Bulgakov, likewise see antinomies and division as characterizing reality, but he sees this “crack in reality” as indicating the kenotic love of God (kenotic love as an ontology). Both Žižek and Bulgakov are following Hegel in this understanding, but Žižek would ontologize the absence (not love), making nothing or evil generative of all else. Death drive, or evil is subject to manipulation but, inasmuch as it is prime reality, it cannot be completely overcome; nor would one want to overcome it, as this nothingness is the only possible ground for the freedom of the Subject. The absolutely free, autonomous Subject can be preceded by nothing, and this is the Nothing and negation Žižek links to death drive. The Subject arises from and has “life” through this power of absence. In his account of Schelling, Žižek presumes Schelling reads this understanding into God himself: “A whole new universe is disclosed here: the universe of pre-logical drives, the dark ‘ground of Being’ which dwells even in the heart of God as that which is ‘in God more than God himself.’ For the first time in the history of human thought, the origin of Evil is located not in humanity’s Fall from God, but in a split in the heart of God himself.”[3]

Bulgakov also traces the split into God, assigning it to his kenotic love, and also suggests this may entail the rise of evil: “He spares even Satan, the father of lies himself, but he defeats him on his own paths, allowing the chaff to grow together with the wheat until harvest. He ‘permits’ evil in order to protect the very foundation of creation: its freedom and self-determination.”[4] God does not impetuously destroy evil, as the apostles would at Samaria.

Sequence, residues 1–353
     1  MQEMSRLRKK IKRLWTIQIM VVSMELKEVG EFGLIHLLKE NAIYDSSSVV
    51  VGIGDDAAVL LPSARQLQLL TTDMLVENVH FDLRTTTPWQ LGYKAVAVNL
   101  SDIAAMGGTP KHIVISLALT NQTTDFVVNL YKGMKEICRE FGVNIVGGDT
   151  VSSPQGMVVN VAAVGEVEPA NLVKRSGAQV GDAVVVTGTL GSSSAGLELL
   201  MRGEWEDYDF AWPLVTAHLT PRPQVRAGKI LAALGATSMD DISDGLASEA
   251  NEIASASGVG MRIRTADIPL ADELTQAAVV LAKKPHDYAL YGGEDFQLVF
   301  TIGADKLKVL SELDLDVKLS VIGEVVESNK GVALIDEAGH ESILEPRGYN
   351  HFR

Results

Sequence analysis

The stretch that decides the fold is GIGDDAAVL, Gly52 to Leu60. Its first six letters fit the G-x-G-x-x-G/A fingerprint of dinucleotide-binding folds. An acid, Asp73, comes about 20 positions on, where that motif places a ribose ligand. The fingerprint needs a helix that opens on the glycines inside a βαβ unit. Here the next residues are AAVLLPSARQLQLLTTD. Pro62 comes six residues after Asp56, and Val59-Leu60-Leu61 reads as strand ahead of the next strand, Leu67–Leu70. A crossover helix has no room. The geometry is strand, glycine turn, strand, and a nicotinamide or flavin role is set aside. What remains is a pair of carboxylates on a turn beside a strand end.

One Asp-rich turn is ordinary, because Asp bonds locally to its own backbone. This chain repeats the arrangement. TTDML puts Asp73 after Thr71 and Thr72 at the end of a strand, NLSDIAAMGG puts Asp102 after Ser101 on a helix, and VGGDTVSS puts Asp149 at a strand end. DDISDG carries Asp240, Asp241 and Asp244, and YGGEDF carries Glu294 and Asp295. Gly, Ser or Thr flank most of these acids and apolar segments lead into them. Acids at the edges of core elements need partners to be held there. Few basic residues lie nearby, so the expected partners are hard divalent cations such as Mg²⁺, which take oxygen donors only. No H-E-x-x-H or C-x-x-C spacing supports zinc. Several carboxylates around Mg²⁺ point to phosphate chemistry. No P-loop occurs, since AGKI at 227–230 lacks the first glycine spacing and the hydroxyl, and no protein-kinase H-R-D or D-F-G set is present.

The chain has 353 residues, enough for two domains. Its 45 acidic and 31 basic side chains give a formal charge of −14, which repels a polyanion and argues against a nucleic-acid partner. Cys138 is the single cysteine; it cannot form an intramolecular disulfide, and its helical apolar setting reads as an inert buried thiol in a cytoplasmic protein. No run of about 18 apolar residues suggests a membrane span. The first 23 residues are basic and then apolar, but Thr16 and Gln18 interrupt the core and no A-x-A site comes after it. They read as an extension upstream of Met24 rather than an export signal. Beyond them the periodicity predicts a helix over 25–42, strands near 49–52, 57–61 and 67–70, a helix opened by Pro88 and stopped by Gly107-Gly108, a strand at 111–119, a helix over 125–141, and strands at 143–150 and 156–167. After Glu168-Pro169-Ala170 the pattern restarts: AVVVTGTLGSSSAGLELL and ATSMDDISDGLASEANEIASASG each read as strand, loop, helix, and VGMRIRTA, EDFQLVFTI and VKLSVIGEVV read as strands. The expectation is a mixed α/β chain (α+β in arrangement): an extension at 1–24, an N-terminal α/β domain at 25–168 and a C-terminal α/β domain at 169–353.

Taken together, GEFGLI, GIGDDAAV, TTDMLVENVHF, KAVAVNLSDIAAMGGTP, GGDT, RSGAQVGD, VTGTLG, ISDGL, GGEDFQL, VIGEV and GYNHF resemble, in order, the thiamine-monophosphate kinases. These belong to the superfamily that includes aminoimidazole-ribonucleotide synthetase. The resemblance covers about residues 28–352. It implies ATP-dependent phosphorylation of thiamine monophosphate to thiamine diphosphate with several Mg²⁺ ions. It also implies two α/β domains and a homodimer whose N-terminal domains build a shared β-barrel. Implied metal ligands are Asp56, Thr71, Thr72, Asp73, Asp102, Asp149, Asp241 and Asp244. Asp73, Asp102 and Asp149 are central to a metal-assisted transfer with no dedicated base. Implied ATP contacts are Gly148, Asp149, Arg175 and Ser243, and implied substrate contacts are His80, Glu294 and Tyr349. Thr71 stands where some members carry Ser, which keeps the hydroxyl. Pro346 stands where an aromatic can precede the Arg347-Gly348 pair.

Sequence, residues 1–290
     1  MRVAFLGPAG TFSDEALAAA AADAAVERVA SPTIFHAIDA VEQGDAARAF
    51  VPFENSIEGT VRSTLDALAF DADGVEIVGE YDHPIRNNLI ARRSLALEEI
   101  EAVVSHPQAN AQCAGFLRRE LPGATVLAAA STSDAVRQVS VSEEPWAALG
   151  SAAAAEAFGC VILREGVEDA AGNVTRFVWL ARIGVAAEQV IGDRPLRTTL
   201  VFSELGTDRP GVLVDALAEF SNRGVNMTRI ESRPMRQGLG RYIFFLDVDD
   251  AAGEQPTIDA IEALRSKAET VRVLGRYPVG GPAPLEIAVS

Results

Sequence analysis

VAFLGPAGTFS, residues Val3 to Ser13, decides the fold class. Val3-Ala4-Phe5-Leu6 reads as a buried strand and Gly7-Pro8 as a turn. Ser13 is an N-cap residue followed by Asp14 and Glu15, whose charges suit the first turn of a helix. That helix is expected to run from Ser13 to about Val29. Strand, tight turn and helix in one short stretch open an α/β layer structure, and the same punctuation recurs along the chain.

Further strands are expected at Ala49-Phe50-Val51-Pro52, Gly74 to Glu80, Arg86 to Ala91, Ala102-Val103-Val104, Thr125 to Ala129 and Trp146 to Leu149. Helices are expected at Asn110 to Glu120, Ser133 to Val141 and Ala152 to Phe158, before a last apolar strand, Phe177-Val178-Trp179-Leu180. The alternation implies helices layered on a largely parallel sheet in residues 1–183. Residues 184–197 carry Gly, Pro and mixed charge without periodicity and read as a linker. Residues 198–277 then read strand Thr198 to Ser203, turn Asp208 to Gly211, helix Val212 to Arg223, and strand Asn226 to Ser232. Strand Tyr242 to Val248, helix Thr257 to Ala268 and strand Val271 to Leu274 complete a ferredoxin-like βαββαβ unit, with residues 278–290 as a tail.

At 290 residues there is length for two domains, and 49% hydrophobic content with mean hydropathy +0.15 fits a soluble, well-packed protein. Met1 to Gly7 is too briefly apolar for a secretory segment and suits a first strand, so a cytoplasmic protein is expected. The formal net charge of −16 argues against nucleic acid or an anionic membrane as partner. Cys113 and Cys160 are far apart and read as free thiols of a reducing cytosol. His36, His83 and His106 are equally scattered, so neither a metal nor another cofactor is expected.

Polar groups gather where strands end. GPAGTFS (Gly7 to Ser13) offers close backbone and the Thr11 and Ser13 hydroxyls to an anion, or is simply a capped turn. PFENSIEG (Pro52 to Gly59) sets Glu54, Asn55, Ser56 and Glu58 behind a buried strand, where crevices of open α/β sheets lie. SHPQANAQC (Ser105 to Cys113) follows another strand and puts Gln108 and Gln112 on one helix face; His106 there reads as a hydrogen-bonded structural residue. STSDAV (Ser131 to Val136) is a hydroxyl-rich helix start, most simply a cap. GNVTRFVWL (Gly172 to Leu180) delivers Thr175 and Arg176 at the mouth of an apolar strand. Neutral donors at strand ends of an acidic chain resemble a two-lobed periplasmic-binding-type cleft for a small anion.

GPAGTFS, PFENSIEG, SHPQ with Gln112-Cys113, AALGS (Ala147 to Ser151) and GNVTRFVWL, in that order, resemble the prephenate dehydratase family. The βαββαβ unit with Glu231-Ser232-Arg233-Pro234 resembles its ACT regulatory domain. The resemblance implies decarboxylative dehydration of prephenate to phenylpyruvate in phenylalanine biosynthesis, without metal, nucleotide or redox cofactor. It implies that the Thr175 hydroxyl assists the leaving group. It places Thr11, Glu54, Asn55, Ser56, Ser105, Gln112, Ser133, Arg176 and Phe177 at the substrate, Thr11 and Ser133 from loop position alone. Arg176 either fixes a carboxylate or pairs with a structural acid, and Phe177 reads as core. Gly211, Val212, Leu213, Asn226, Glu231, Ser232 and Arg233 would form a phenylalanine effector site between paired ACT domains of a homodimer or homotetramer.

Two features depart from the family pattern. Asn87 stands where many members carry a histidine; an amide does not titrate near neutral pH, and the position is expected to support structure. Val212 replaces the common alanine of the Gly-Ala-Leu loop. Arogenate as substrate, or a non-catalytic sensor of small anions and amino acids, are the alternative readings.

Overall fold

The relation of the Creator to creation in ‘synergism’ always remains meek and restrained, the kenosis of God in creation. This kenosis is determined by the union of God’s omniscience and wisdom in relation to the paths of the world, but with the self-limitation of His omnipotence. God waits for creaturely freedom to say: ‘Behold the handmaid of the Lord: be it unto me according to thy word’ (Luke 1:38).[5]

To seek to overcome difference, to violently destroy evil, to force the hand of God, is not the solution but the problem.

Both Žižek and Bulgakov read Hegel’s critique of Kant, not as a denial or overcoming of the Kantian antinomies, but pointing toward the rupture within the Absolute itself. Bulgakov’s idea of kenotic love is a reflection of Hegel’s attempt to describe the dynamics of the kenotic Subject, and Bulgakov and Žižek share this meta-psychological idiom in their understanding of the human Subject. According to Bulgakov, “This antinomical task makes the I into a riddle for itself, into an insoluble charade. That which […] appeared […] to be the most reliable and most self-evident […] fulcrum turns out to be situated at the point of an antinomical knife, to be a living paradox, which, obviously, cannot be understood from out of itself.”[6]

Like Žižek, Bulgakov does not presume to resolve the paradox, but affirms paradoxical antinomies as a pointer to a reality beyond the self-enclosed I.

In antinomies there is given experiential, graphic proof of the supra-rational character of being, or, what is the same thing, of the insufficiency of the powers of reason for adequately comprehending it. The presence of antinomies inevitably leads us to the conclusion that the current state of being is transitional, unfinished, and, in this obvious incompleteness, it now reveals openings to different possibilities of consciousness.[7]